Ham Radio...Getting Started

Discussion in 'Community' started by hotwire132002, Oct 3, 2004.

  1. hotwire132002 macrumors 65816

    hotwire132002

    Joined:
    Jan 24, 2004
    Location:
    Cadillac, MI
    #1
    "What? Hotwire's not talking about trying to start a TV station?! ;) "

    This time I'm trying to get in to Ham Radio...so I can try out ATV. So, I'm still working on TV stuff.

    Anyway, can anyone suggest where to start? I'd like some good resources to get started on Ham radio. Any ideas?

    Oh, and any hams around here on MacRumors?
     
  2. Baron58 macrumors 6502

    Joined:
    Feb 19, 2004
    #2

    www.arrl.org

    I grew up overseas around a lot of hams, my mother and I were licenced for several years (general class), and I got my technician class in the US when in college. I built *a lot* of antennas, and got really good at soldering Amphenol PL-259 connectors onto RG-8 solid-core coax. Then I realised that ham radio was neither as cool nor practical here as in third-world countries in the 70's and 80's where there was *no* other means of communications, so I abandoned it. Now, satphones have taken the practicality out of it for ships and people living/working overseas (e.g. missionaries, peace corps, other NGOs), so the only reason to get in to ham radio is just as a hobby.

    The electronics knowledge required does help in general critical thinking skills (puts you a level above people who think they're 'leet' because they can plug a computer or stereo together), and as a communications art, it has a lot of heritage. See if you could find old ARRL publications from the late 60s - they're like collectors items now.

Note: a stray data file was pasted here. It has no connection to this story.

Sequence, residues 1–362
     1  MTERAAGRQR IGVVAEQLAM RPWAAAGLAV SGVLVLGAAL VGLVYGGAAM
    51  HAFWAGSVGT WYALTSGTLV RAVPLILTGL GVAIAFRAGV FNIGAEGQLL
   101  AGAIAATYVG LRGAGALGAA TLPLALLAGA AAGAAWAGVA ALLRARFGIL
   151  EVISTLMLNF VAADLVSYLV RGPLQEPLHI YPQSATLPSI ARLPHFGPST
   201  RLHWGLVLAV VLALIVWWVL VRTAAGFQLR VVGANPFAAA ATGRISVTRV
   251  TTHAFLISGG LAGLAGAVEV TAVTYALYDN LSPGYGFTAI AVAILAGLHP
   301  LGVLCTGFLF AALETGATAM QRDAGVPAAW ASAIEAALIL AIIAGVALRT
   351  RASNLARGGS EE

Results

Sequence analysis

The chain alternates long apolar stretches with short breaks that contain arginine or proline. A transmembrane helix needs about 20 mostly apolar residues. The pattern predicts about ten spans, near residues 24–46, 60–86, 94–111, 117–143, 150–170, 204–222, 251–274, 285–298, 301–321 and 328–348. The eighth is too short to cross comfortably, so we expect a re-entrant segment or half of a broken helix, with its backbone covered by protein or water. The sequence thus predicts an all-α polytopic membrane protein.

The only interest I still have in it is that I'd love to have a pristine-condition Drake T4X/R4B transmitter/receiver pair just for the nostalgia factor, but they're expensive still and I don't want to pay that much for nostalgia!

    We had a Kenwood TS-120 transceiver, and later a Yeasu FT-757GX (that was a *great* rig).
     
  3. hotwire132002 thread starter macrumors 65816

    hotwire132002

    Joined:
    Jan 24, 2004
    Location:
    Cadillac, MI
    #3
    Thanks for the help! I found a great study guide from there. Hopefully I'll be able to get a license soon!
     
  4. KC9AIC macrumors 6502

    KC9AIC

    Joined:
    Jan 31, 2004
    Location:
    Tokyo, Japan or Longview, Texas
    #4
    It's really not hard to get a technician's license, which is all that's needed for ATV. It got it on the first try. QRZ.com has practice tests. www.eham.net has reviews of ATV equipment.
     
  5. KD7IWP macrumors 6502a

    KD7IWP

    Joined:
    Mar 8, 2004
    Location:
    American living in Canada
    #5
    I didn't find the test hard at all to become a Technician and I did that when I was only 15. And I'm 19 now. I read "Now You're Talking" which is the Amerature Radio Society approved book. It helped a lot and I just memorized a few simple frequencies of which I am allowed to operate on. There are plenty of practice questions as well.
    -KD7IWP
     
  6. hotwire132002 thread starter macrumors 65816

    hotwire132002

    Joined:
    Jan 24, 2004
    Location:
    Cadillac, MI
    #6
    What's it cost for a basic radio setup? I discovered ATV is probably too expensive for me to start out with ($549 for the transceiver), but I'd like to start with basic ham radio, then move on to ATV in the future (possibly).
     
  7. Baron58 macrumors 6502

    Joined:
    Feb 19, 2004
    #7

    How long is a piece of string?


    for retail, the biggest selection would be at www.hamradio.com (HRO). Their catalogue is downloadable as a PDF.

    Go to you local bookstore and get copies of '73' and 'QST' magazines, and look around for a local 'hamfest' event. A hamfest is a flea-market of sorts, where you can buy/sell/trade gear, usually used. You can also meet people in your area who can answer your questions better.
     

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